Tuesday, August 18, 2009
Seminole County's Senator
Last Thanksgiving we stayed at a HoJo's in St. Augustine with a huge Live Oak in the courtyard nicknamed the Senator. The sight-seeing Trolley Tours would drive through the parking lot on the way to the Fountain of Youth and always tell the same joke about the 400 year old tree: "Know why it's called the Senator? Because it's shady and it's crooked."
Seminole County's Senator is neither shady or crooked and it's about 3,000 years older than St. Augustine's Live Oak. The Senator is a Cypress Tree in the appropriately named Big Tree Park in Longwood. The park was dedicated by President Calvin Coolidge and was for a long time believed to be the largest Cypress tree in the US. I've seen Sequoias and Redwoods in California, but this behemoth is easily the largest tree I've seen on this side of the country. Here's a little data:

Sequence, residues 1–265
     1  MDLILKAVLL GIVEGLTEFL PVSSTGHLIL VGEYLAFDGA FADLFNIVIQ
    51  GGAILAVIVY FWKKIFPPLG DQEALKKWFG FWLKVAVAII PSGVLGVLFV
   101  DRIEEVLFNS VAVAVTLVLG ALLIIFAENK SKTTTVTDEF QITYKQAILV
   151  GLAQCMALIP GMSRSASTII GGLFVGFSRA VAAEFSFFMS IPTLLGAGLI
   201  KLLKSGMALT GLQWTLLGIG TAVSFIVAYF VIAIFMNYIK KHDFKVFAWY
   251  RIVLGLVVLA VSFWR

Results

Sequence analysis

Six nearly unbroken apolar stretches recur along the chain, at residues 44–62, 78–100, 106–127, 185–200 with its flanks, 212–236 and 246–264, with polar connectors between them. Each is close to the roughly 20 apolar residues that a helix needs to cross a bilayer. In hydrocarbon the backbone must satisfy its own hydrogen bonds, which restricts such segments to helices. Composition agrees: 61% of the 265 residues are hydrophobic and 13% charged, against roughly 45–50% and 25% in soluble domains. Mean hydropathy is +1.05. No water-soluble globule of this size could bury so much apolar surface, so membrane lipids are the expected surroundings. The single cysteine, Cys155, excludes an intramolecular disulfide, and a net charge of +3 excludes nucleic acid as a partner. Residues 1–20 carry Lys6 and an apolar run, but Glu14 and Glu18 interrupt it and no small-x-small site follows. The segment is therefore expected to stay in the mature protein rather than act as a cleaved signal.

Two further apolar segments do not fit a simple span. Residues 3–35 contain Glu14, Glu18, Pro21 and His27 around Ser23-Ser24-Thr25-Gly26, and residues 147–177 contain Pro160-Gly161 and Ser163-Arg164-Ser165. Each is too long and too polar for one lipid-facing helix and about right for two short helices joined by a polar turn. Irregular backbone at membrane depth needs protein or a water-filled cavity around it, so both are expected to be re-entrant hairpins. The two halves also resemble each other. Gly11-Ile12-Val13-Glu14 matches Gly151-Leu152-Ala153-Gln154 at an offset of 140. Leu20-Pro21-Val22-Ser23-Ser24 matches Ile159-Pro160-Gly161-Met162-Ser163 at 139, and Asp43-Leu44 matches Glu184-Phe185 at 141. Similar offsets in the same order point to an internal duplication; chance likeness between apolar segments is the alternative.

• The tree originally was 165 feet high but a hurricane in 1925 knocked the top off and it is now only 118 feet tall.
• A landmark to Florida's native Americans, the tree drew visitors in the late 1800s despite being in the middle of a swamp.
• The WPA built a walkway to The Senator during the New Deal.
• The tree is estimated to be around 3,500 years old meaning it sprouted in the age of the pharohs in ancient Egypt.
• There were originally 4 large cypress trees together but only 2 have survived. The Senator's companion tree, known as Lady Liberty, is a mere 2,000 years old.
I've been yearning to visit Florida's oldest attraction for some time and sadly was there when lighting conditions were at their worst for photography. But in reality the tree is so large there is no good way to show its size in a 2-dimensional photograph. Just a short drive from Orlando, there is no admission charge to see the big tree and it is well worth the trip. There is a paved trail just outside the park and a bridge over US 17-92 for pedestrians and cyclists. On my return visit I'm bringing my bike!